A strong all-milk price and lower feed inputs nudged the August milk-feed price ratio to 3.24. That is a gain of 0.07 points from July, according to the USDA’s announcement of feed-price ratios on Aug. 31. One year ago, the ratio was 2.48.

The all-milk price used to calculate the August ratio stood unchanged from July at $21.70. That also is $9.70 higher than a year ago.

Baled alfalfa hay, at $137 per ton, also was unchanged from July. That is $28 higher than a year ago.

Meanwhile, corn and soybean prices fell slightly. The price for a bushel of corn fell 15 cents to $3.17. It is still $1.08 more per bushel than a year ago. The soybean price used to calculate the ratio was $7.49, down 7 cents per bushel. One year ago, soybeans were $5.23.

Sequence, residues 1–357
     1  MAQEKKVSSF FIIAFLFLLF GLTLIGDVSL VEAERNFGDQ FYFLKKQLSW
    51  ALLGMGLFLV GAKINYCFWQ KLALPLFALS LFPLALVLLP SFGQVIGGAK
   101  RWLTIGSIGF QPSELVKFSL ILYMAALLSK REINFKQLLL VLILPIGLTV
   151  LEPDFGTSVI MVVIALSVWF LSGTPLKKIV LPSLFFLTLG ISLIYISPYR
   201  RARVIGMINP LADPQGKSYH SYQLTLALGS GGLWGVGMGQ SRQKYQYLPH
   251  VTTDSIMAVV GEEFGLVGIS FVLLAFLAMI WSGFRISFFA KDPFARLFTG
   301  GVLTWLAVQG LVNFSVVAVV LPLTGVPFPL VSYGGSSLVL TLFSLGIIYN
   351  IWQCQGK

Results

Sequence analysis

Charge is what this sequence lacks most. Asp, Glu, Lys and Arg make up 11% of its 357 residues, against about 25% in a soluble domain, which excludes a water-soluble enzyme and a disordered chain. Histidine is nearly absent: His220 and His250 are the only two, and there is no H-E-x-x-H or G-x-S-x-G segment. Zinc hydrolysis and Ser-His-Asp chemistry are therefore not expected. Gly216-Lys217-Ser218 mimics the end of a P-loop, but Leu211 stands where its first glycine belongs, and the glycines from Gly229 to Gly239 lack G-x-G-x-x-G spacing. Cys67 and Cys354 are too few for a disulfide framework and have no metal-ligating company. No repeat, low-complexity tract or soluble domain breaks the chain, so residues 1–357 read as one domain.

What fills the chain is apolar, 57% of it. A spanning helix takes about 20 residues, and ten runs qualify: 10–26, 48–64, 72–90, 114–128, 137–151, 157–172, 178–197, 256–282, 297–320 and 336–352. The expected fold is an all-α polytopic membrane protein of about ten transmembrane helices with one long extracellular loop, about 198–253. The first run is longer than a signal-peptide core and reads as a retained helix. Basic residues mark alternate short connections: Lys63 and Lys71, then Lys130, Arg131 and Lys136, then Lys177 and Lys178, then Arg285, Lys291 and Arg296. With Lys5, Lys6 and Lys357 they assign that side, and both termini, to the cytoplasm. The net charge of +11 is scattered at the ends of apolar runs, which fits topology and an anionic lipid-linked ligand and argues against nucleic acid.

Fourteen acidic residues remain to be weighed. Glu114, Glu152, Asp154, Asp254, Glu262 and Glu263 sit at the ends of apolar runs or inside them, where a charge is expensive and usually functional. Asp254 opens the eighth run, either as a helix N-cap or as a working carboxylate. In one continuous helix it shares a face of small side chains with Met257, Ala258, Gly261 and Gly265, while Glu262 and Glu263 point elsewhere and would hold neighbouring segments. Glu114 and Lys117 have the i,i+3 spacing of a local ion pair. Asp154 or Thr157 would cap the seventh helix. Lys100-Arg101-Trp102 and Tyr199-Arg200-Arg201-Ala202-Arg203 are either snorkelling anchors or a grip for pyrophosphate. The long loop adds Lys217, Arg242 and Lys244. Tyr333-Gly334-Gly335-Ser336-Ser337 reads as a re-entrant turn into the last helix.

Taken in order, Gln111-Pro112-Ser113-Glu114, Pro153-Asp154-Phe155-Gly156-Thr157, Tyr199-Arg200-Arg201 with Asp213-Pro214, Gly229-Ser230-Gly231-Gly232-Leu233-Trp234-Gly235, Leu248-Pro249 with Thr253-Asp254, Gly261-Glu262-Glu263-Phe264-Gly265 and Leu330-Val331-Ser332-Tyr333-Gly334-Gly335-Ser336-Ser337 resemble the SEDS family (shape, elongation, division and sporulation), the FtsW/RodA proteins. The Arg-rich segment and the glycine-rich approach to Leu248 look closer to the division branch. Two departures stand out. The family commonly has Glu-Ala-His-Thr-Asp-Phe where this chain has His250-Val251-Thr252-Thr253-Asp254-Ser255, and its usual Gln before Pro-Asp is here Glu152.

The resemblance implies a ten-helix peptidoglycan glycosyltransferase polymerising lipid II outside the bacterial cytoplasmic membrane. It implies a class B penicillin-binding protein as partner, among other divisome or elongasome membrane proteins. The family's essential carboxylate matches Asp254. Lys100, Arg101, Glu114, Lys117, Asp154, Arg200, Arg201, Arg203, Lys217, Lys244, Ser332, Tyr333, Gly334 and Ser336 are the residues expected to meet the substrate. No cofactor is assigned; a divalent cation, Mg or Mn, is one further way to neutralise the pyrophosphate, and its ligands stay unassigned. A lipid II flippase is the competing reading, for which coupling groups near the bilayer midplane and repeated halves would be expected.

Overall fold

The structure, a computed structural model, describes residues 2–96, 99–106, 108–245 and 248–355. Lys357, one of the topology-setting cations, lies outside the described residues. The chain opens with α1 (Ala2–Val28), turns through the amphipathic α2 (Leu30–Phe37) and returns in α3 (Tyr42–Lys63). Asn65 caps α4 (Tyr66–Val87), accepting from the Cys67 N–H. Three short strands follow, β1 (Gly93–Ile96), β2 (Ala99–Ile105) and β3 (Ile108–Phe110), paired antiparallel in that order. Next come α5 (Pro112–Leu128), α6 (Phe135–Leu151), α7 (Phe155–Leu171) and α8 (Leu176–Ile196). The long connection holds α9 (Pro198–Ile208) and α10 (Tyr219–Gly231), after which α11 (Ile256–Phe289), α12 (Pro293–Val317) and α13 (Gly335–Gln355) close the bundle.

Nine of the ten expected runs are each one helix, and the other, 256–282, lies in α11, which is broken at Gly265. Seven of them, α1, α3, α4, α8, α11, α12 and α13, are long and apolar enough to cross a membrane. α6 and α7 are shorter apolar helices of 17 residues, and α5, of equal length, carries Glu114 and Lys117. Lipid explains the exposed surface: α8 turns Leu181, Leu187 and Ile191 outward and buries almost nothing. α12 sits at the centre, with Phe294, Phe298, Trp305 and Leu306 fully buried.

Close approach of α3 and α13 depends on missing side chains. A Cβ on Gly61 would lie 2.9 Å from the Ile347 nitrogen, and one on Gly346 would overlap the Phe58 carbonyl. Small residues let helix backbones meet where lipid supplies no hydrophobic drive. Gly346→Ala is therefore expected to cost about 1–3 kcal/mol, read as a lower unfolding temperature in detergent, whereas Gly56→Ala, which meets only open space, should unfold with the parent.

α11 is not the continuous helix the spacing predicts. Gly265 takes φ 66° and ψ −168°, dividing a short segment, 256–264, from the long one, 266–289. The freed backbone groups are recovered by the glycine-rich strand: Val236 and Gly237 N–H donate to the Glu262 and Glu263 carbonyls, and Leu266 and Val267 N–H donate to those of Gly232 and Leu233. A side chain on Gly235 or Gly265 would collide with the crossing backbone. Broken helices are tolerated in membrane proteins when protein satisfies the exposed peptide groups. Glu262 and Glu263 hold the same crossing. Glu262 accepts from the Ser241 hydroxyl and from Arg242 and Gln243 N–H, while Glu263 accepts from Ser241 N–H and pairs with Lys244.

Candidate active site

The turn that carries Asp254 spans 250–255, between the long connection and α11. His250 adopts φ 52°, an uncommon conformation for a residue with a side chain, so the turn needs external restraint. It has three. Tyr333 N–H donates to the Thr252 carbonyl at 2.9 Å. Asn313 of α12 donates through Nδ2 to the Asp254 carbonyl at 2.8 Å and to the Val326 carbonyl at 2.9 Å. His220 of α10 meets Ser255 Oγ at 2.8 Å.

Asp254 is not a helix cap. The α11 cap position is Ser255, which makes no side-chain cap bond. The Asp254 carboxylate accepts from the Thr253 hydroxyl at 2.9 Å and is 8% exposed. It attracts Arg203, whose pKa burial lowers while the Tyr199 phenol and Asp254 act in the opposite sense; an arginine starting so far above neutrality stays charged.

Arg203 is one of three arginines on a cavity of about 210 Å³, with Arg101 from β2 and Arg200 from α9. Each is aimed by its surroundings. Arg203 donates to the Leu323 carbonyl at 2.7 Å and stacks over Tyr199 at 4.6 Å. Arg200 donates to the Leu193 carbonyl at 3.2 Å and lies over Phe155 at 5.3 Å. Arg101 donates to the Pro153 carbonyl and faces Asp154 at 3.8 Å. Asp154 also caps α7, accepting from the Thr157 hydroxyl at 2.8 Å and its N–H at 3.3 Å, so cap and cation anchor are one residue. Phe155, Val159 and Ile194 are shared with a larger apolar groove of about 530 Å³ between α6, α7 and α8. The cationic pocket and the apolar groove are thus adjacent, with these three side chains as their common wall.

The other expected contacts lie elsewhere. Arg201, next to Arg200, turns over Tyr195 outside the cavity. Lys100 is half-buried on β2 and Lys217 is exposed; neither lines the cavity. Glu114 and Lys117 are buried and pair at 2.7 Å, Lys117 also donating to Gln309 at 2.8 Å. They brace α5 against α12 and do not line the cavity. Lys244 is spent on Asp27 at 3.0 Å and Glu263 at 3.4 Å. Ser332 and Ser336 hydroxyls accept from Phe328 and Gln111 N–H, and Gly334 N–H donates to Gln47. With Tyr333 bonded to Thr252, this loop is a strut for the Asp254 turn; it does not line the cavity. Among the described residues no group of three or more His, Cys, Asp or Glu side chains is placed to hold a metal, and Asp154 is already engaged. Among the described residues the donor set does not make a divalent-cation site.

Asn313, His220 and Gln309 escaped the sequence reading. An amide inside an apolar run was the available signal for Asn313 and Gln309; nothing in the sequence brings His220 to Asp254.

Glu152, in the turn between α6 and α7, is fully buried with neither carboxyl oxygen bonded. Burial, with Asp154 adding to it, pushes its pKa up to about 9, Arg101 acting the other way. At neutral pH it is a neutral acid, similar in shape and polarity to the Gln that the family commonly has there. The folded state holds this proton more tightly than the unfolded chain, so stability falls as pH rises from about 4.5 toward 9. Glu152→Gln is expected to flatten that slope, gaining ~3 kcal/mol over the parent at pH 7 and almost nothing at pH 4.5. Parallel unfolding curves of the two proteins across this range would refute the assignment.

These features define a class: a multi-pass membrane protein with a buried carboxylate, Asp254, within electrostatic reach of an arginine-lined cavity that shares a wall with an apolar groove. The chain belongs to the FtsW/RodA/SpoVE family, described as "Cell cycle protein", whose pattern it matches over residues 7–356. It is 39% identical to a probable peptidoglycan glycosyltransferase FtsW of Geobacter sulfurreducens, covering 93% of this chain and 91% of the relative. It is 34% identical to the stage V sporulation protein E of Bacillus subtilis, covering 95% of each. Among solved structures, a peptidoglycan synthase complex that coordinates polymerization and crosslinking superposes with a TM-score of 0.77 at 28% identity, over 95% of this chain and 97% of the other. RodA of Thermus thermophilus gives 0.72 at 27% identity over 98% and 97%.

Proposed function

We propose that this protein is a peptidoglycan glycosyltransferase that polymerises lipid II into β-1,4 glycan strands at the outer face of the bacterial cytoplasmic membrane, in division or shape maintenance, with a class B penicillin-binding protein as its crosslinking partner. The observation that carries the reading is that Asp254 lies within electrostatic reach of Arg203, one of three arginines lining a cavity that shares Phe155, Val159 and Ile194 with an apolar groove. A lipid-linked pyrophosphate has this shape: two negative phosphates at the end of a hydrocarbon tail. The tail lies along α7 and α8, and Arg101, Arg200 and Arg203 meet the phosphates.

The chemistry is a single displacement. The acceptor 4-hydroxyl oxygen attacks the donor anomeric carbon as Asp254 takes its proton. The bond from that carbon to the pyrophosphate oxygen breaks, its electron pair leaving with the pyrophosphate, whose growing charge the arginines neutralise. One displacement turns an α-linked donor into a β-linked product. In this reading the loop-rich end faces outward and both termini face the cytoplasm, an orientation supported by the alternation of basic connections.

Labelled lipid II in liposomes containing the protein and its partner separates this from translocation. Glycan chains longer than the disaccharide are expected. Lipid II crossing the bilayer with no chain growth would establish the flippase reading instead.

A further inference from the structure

The USDA revised the July ratio, decreasing it from 3.19 to 3.17.

The milk-feed ratio represents the pounds of 16-percent mixed dairy feed equal in value to 1 pound of whole milk. Therefore, with a 3.24 ratio in August, a dairy producer could buy 3.24 pounds of feed for every 1 pound of milk sold.

Whenever the ratio meets or exceeds 3.0, it is considered profitable to buy feed and produce milk.